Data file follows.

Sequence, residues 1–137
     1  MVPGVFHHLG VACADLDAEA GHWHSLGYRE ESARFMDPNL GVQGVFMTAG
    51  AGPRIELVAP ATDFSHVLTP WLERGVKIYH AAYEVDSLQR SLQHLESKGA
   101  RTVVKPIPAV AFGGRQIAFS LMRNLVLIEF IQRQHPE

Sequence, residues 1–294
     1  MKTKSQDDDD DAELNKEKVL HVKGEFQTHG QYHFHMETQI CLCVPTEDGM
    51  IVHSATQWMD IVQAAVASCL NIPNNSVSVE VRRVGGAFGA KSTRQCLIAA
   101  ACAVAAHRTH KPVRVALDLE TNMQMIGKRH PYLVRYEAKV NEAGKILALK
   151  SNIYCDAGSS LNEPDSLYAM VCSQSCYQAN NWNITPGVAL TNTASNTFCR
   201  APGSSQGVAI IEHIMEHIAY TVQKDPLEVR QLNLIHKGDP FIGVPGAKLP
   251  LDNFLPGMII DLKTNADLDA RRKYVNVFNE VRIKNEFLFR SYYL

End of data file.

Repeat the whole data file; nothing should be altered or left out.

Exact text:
Sequence, residues 1–137
     1  MVPGVFHHLG VACADLDAEA GHWHSLGYRE ESARFMDPNL GVQGVFMTAG
    51  AGPRIELVAP ATDFSHVLTP WLERGVKIYH AAYEVDSLQR SLQHLESKGA
   101  RTVVKPIPAV AFGGRQIAFS LMRNLVLIEF IQRQHPE

Sequence, residues 1–294
     1  MKTKSQDDDD DAELNKEKVL HVKGEFQTHG QYHFHMETQI CLCVPTEDGM
    51  IVHSATQWMD IVQAAVASCL NIPNNSVSVE VRRVGGAFGA KSTRQCLIAA
   101  ACAVAAHRTH KPVRVALDLE TNMQMIGKRH PYLVRYEAKV NEAGKILALK
   151  SNIYCDAGSS LNEPDSLYAM VCSQSCYQAN NWNITPGVAL TNTASNTFCR
   201  APGSSQGVAI IEHIMEHIAY TVQKDPLEVR QLNLIHKGDP FIGVPGAKLP
   251  LDNFLPGMII DLKTNADLDA RRKYVNVFNE VRIKNEFLFR SYYL